Last week we looked as the best rookies in the league, but this week it’s the point guards who get a chance to shine. Here are our power rankings of the best point guards in the NBA.
Of course there are more than just 10 point guards in the league, but after the top 10-15 names, it starts to become so muddled that the exercise becomes a waste of time. I mean, is it really necessary to try and figure out if George Hill is better than Kemba Walker or if either are better than Jarrett Jack or Patrick Beverley? I don’t think so, and I’m guessing many of you don’t think so either. So, that’s why we decided to just go ahead and pick the top 10. Onto the list!
10. Rajon Rondo
Rondo has put up some monster stat lines, and is leading the league at 10.9 assists per night. He’s clearly more locked in than he was in Dallas, and has shown he can still be an effective player in the league.
Unfortunately his play hasn’t translated into much success for the Kings, as their offensive rating is actually better when Rondo is on the bench, jumping from 101.1 to 102.7 when he sits. And of course, the team is just 7-15 on the season.
9. Mike Conley
Conley has been as solid as ever, putting up 15 points and 6 assists a night and running the show for the Grizzlies. Winners of 7 of their last 10, Memphis is 12-9 as of Tuesday, right in the middle of the pack in the Western Conference where they belong.
8. Eric Bledsoe/Brandon Knight
Despite beating the Chicago Bulls Monday night, Phoenix Suns are just 2-8 in their last 10 games. The combination point guard situation they’re running with certainly hasn’t been to blame, however. Bledsoe and Knight have carried the team thus far, combining for over 43 points, 11 assists, and 8 rebounds a night on the season.
7. Damian Lillard
When the rest of the starting lineup was either shipped out of town or left on their own accord, it became quite obvious that the Trail Blazers were Damian Lillard’s team. And although they’ve come back to reality after storming out of the gate, this team looks much better than some were predicting.
There was a lot of pressure placed on Lillard’s shoulders, and so far the Blazers couldn’t be happier about his response. With C.J. McCollum as the only other scorer on the roster, Lillard faces the dilemma of having to be the team’s main offensive threat while also facilitating the offense.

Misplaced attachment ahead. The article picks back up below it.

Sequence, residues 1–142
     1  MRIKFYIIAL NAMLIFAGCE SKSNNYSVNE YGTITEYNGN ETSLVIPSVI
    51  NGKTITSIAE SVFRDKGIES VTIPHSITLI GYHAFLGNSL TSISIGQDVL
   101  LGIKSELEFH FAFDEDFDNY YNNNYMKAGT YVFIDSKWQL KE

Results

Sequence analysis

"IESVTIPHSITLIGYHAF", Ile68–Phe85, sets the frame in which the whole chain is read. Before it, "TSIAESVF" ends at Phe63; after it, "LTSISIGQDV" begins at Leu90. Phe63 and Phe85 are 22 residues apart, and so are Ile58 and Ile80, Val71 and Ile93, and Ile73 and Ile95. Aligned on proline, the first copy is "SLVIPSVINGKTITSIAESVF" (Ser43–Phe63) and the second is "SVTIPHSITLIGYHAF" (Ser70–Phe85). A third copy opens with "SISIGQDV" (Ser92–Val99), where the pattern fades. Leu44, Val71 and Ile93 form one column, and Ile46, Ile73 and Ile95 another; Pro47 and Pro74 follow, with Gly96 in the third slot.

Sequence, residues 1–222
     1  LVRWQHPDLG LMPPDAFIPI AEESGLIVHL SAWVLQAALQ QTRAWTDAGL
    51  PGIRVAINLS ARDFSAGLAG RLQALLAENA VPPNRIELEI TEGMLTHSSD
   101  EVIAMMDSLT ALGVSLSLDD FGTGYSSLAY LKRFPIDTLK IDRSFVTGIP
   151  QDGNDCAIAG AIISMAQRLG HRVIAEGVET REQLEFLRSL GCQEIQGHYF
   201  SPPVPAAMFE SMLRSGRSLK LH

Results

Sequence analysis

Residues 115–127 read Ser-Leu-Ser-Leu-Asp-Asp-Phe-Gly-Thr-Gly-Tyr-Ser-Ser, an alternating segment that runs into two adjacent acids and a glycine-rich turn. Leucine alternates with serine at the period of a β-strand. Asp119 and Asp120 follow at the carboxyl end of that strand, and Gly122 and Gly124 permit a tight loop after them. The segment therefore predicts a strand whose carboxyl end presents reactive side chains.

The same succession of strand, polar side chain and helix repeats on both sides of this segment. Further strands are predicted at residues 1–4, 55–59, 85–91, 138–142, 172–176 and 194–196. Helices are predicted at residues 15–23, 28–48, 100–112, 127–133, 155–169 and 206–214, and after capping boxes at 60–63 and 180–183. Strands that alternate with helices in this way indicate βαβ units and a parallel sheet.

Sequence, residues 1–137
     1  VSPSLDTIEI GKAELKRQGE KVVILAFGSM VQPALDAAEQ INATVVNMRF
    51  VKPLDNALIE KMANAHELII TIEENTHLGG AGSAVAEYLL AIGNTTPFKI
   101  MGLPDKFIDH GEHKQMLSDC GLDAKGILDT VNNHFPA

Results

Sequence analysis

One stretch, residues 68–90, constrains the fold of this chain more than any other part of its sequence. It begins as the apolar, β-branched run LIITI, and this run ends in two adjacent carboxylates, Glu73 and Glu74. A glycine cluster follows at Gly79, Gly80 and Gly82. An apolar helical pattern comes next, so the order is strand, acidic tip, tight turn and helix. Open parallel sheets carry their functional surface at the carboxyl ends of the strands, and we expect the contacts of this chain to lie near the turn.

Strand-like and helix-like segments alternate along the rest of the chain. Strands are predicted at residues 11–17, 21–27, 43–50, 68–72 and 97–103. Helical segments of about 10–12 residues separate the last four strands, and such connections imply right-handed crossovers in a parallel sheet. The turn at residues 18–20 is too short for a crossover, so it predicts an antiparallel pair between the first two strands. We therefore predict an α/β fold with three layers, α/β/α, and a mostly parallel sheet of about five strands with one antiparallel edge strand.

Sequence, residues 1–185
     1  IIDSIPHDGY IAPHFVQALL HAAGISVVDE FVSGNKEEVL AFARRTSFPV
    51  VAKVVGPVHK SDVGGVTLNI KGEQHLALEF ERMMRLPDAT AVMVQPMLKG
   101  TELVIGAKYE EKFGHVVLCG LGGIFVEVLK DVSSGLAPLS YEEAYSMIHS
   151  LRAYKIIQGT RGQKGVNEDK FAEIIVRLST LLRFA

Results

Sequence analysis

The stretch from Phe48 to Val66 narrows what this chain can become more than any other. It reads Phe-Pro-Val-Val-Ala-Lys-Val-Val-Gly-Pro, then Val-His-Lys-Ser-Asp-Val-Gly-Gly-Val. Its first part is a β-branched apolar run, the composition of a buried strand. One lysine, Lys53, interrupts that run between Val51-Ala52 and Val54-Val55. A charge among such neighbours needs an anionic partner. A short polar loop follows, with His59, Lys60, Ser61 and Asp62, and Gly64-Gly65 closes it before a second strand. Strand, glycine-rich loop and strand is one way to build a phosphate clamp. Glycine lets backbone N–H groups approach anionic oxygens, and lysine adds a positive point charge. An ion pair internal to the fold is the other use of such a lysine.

But so far he hasn’t seemed to have much trouble adapting to the new responsibilities. His 24 points a game are best on the team, and eighth in the league. Likewise, he leads the Blazers with seven assists a night, also good for eighth in the league.
6. Reggie Jackson
The reigning Eastern Conference Player of the Week has been playing some unbelievable basketball (Monday night’s loss aside). His 34-point, 16-assist performance in the Pistons’ big overtime win against the Suns was the first 30-plus point, 15-plus assist game by a Pistons point guard since Isiah Thomas.
5. John Wall
There aren’t too many players more dynamic than Wall, and the former Kentucky man is playing some great basketball once again this season, averaging 19 points and 8 assists a night. Unfortunately it hasn’t translated into success for the Wizards, as they sit at just 9-10. It was good to see his knee injury was not serious.
4. Kyle Lowry
If it wasn’t for Reggie Jackson’s ridiculous week, Skinny Kyle Lowry could have taken home the Eastern Conference Player of the Week honors. He had 41 points in a duel with Steph Curry on Saturday, in which the Raptors once again came up just a few points short of the Warriors. Plus he scored 22 points in the fourth quarter to cap off his 31-point, five-rebound, five-assist performance in the Raptors’ comeback win in Atlanta last Wednesday. Over his last five games, Lowry is putting up about 26 points, six assists, and six rebounds a night.